Syndicate content

Cough Medicine Ingredient Shows Promise for Prostate Cancer Treatment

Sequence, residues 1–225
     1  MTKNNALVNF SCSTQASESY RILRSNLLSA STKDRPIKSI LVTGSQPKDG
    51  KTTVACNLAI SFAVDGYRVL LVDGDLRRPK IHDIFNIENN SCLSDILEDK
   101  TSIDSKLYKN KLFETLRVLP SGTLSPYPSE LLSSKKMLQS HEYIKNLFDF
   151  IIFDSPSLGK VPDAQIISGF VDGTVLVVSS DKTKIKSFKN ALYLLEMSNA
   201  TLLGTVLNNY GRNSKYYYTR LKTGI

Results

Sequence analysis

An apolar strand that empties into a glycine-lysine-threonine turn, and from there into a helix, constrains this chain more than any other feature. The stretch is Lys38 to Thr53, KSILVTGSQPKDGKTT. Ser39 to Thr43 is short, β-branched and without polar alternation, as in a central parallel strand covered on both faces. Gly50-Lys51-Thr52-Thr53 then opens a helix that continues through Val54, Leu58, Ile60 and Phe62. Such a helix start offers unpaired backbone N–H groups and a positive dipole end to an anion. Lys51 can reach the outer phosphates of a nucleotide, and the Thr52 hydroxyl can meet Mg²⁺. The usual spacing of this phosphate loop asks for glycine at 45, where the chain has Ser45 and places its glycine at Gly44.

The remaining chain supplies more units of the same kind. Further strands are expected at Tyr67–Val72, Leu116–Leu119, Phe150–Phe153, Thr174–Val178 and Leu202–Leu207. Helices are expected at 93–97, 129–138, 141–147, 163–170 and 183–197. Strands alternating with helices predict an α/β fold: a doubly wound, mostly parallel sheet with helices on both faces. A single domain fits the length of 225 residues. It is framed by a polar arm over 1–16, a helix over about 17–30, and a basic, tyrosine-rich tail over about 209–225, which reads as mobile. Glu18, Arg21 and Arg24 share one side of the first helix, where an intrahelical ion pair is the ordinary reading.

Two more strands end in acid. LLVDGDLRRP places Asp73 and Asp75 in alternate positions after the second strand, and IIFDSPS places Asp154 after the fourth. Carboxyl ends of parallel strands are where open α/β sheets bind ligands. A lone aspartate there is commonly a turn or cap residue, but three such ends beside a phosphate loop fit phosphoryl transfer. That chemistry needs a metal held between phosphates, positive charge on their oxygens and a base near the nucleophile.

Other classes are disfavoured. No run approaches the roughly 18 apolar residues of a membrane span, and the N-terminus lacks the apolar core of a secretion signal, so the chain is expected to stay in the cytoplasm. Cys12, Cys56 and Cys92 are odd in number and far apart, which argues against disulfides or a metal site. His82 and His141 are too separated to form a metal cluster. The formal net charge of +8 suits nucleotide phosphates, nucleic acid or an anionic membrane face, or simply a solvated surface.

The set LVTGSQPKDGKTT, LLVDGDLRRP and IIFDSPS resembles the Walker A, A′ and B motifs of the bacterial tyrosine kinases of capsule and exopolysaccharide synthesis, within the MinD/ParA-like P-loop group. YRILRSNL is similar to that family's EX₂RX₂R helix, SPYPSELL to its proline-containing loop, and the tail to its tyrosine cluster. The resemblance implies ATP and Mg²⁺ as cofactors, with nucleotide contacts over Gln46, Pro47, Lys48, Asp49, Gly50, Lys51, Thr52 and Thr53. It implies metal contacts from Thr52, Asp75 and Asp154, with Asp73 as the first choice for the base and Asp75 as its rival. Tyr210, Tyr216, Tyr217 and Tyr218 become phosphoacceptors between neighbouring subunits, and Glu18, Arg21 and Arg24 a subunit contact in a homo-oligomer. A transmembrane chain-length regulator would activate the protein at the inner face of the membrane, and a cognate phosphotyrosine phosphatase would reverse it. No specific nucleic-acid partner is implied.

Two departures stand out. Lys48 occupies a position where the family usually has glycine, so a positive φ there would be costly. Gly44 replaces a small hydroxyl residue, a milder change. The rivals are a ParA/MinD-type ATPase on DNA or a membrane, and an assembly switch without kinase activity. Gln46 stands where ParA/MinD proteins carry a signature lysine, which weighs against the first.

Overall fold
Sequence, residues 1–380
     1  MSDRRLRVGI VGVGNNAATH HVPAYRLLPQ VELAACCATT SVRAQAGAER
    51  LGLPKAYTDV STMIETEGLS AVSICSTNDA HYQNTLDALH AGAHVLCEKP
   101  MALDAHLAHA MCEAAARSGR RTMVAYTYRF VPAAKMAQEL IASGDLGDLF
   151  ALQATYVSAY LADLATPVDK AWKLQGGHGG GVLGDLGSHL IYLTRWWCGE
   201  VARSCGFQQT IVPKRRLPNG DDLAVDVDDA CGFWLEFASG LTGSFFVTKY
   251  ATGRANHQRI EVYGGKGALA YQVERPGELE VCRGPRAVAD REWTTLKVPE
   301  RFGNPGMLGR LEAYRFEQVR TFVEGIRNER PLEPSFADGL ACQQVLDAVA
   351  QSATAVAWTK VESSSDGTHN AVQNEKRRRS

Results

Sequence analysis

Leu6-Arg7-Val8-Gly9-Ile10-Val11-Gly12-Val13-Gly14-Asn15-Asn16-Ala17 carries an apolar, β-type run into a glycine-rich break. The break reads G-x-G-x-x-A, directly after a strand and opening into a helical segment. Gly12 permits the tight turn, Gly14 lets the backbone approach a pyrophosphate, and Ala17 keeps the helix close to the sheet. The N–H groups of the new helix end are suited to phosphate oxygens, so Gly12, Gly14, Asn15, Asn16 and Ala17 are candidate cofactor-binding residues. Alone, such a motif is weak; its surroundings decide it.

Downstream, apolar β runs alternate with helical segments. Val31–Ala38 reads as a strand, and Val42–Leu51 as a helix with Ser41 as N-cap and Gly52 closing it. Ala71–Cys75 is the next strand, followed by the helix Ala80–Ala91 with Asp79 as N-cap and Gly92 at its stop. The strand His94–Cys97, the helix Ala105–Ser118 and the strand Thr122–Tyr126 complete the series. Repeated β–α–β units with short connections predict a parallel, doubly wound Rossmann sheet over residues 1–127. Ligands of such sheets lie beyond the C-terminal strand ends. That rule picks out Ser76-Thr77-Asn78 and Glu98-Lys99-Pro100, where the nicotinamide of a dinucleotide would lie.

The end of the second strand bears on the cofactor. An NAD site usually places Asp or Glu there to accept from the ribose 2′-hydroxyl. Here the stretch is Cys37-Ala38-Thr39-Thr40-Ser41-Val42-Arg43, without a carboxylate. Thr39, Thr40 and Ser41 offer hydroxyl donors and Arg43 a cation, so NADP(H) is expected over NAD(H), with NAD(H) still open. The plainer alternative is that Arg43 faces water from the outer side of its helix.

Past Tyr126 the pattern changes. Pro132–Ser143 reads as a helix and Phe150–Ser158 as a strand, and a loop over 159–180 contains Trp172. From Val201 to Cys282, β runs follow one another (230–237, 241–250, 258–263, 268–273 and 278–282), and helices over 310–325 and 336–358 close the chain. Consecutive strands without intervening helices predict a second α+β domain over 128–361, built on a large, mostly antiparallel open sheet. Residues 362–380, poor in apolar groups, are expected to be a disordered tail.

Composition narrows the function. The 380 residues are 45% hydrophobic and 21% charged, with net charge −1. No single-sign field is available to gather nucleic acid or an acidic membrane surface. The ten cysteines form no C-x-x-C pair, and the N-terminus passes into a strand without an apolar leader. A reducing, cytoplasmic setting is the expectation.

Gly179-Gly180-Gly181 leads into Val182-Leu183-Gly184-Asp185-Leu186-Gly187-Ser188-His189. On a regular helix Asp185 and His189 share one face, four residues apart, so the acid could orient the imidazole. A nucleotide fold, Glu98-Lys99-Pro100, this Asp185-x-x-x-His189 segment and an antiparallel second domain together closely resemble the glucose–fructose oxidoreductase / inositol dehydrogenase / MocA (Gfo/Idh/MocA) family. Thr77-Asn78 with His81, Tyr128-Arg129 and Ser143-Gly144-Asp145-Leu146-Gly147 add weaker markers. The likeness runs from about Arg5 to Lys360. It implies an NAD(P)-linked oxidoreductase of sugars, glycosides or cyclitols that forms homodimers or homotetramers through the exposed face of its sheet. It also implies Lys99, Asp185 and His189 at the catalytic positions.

Researchers have shown that, in mice, the cough medicine ingredient noscapine inhibits prostate tumor growth and also limits the spread of tumors without causing any side-effects. Noscapine, a non-addictive derivative of opium, has been used worldwide since the 1950s as an ingredient in over-the-counter cough medicines and was originally suggested as an anti-cancer agent in the early 1960s--but major studies of its anti-cancer properties have only taken place in recent years. The current research focused on pre-treating mice with noscapine before injecting them with prostate cancer cells. This resulted in the tumor growth rate being two-thirds lower in the noscapine group than in a non-noscapine group. The study also found that metastasis rates to the lung were 80 percent lower in the mice pre-treated with noscapine. The scientists further noted that the noscapine group suffered no cancer-related weight loss--compared with significant weight loss in the non-noscapine group. They concluded that noscapine administered as a preventive measure may offer significant benefits in the management of prostate cancer, a disease that kills more than 28,000 men in the U.S. each year. The research team is now hoping to further its efforts by examining the effects of noscapine as a prophylactic agent given to patients following prostate cancer surgery or radiation. "Based on our research so far, we believe that noscapine could be a very promising treatment to prevent recurrence in such cases due to its excellent safety record and oral bioavailability," said co-author Dr. Israel Barker, Founder and Medical Director of the Prostate Cancer Research and Education Foundation. This new pre-clinical research was reported in Volume 30(2) of Anticancer Research. [Press release] [Anticancer Research]